Obama town halls in Montana and Colorado went smoothly, but the lack of fireworks may have hindered the reform effort since they were not as memorable as the shouting matches on YouTube. The president wrote an opinion piece for the New York Times, while Sebelius went on CNN’s Sunday morning show, but both efforts backfired with liberals who complained the administration was not supporting the public insurance option strongly enough.
Democrats also tried a few tricks to subdue the crowds at town hall meetings: asking attendees to show that they lived in the district, prohibiting signs inside the meeting room, moving to larger venues, passing out George Washington’s “Rules of Civility— and having local Boy Scouts lead the Pledge of Allegiance. Sometimes they worked, but it only took one exception to spark another round of complaints.
The most memorable pushback from Democrats came at a town hall on Aug. 18, when Rep. Barney Frank (D-Mass.) was questioned about Obama’s “Nazi policy— on health care. Frank, who is Jewish, responded forcefully: “On what planet do you spend most of your time?— Video of the event soon went viral, one of the few instances where a Democrat appeared to have the upper hand.
Then, on Aug. 25, the protests were overshadowed by the death of Sen. Edward Kennedy (D-Mass.), a longtime proponent of health care reform. Cable news coverage quickly shifted from riotous town hall meetings to a somber funeral procession.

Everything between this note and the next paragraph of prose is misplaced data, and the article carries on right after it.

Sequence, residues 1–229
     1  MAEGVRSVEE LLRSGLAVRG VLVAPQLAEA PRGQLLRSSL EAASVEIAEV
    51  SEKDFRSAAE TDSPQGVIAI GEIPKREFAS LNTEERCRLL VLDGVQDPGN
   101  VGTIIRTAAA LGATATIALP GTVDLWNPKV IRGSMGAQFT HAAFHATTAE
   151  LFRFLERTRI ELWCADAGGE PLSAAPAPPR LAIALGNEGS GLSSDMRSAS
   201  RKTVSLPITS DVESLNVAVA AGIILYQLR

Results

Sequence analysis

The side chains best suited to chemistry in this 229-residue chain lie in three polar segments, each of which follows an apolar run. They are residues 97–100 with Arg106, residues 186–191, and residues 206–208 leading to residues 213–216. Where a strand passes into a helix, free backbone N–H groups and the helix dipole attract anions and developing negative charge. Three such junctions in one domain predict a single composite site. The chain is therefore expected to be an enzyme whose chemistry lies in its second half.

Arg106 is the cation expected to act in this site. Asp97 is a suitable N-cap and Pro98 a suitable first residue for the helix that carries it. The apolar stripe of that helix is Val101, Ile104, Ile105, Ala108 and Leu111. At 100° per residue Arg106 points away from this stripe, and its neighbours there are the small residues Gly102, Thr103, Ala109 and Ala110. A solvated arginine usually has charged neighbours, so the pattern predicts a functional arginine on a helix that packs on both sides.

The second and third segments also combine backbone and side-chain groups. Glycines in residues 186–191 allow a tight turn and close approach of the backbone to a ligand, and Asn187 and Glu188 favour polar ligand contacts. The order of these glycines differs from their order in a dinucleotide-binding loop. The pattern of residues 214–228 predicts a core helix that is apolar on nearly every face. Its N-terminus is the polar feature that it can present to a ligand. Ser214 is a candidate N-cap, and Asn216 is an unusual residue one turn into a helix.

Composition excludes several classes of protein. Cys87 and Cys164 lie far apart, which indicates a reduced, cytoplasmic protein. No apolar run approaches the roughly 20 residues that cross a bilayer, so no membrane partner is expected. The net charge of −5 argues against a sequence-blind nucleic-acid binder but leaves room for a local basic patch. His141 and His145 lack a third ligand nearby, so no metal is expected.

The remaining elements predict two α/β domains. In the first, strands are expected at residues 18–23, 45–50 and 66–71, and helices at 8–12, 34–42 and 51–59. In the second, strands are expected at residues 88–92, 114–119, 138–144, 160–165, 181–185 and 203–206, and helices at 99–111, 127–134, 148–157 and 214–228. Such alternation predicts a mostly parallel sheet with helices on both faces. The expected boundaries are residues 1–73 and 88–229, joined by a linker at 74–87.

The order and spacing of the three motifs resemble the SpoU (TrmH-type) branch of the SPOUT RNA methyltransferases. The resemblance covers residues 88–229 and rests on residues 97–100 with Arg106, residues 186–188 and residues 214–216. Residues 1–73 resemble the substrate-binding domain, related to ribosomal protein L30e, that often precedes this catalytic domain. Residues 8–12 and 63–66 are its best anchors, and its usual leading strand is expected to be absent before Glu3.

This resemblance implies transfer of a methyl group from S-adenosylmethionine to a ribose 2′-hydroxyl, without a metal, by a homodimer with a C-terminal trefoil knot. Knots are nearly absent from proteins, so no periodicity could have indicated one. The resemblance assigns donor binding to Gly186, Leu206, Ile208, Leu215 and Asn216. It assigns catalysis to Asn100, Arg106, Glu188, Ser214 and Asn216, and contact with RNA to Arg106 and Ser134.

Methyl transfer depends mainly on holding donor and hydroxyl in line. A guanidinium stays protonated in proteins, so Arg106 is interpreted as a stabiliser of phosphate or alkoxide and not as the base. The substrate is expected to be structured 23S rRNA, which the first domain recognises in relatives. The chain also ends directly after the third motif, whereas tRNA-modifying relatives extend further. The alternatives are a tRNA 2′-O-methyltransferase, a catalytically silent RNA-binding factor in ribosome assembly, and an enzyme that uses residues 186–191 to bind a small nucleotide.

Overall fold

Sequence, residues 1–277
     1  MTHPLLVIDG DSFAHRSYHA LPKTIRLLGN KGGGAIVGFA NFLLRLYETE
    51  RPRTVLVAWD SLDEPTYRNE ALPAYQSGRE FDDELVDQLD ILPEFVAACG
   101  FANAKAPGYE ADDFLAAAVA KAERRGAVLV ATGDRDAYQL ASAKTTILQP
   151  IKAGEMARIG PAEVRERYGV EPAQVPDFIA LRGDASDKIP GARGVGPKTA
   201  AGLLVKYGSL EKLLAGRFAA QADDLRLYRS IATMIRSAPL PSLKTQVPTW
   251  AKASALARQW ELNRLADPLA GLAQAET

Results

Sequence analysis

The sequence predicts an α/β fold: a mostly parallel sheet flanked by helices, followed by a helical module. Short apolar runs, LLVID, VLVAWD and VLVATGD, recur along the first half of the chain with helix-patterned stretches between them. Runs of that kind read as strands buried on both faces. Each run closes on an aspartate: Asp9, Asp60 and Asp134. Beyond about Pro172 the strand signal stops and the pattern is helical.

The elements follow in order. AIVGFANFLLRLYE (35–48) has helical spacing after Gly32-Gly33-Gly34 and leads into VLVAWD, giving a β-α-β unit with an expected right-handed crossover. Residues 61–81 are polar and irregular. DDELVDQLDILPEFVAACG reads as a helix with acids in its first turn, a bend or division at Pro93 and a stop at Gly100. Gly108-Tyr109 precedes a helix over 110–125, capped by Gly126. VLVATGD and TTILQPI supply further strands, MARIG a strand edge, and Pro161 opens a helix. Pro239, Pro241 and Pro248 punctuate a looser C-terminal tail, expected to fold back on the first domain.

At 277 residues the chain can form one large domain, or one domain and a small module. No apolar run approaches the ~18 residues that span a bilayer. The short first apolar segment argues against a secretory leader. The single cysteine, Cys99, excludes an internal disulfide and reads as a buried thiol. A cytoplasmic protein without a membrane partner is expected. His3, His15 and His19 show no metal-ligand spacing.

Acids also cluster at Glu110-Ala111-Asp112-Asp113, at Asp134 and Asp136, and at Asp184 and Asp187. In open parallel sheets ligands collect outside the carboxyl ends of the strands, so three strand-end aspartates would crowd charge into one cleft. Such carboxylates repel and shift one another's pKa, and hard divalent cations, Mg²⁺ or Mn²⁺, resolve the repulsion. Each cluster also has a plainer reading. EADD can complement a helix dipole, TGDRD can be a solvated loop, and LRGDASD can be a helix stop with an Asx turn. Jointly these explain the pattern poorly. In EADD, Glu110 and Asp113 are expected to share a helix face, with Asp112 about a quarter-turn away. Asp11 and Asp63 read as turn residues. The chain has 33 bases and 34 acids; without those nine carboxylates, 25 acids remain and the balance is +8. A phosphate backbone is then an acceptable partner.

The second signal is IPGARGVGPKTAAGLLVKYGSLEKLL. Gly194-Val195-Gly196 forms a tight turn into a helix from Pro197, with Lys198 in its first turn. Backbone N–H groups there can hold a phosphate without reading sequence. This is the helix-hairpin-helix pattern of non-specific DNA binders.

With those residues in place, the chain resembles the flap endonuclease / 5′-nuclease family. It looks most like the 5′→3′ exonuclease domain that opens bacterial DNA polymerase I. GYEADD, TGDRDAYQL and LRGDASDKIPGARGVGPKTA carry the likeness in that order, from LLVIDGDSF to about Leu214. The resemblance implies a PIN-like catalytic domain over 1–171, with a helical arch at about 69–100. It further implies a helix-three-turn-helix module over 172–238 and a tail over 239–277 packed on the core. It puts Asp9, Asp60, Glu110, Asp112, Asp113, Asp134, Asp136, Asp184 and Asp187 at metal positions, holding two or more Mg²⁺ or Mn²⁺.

In the end, Kennedy’s death may affect the future of health care reform more than the weeks of protest.
His yearlong absence had already robbed the debate of one of the strongest liberal voices. Along with former Sen. Tom Daschle (D-S.D.), Obama’s original nominee to be Health and Human Services secretary, he could have persuaded more than a few of his Republican colleagues to sign onto a bill while persuading liberals to accept a compromise. And his death left the Democrats one vote shy of the 60 needed to overcome a Republican filibuster in the Senate.
Sen. Robert Byrd (D-W.Va.) called for renaming the bill for Kennedy. Some liberal Democrats may see passing the bill as an appropriate memorial. But just as likely, some House Democrats in swing districts may see the town halls as a warning for the 2010 midterms.
Bill Burton, a deputy press secretary for the White House, said Obama still believes he can get a bipartisan bill through both chambers, and he’s preparing to make his case before a joint session of Congress Wednesday. “The American people are still foursquare behind making some progress on health care reform,— Burton said. “Over the course of the last 60 years, a lot of different presidents have tried to bring about comprehensive health care reform, and the reason that they haven’t been able to get it done is that it’s not just a series of easy and politically popular decisions.—
Adriel Bettelheim, Alex Wayne, Shira Toeplitz, Tricia Miller and Scott Montgomery contributed to this report.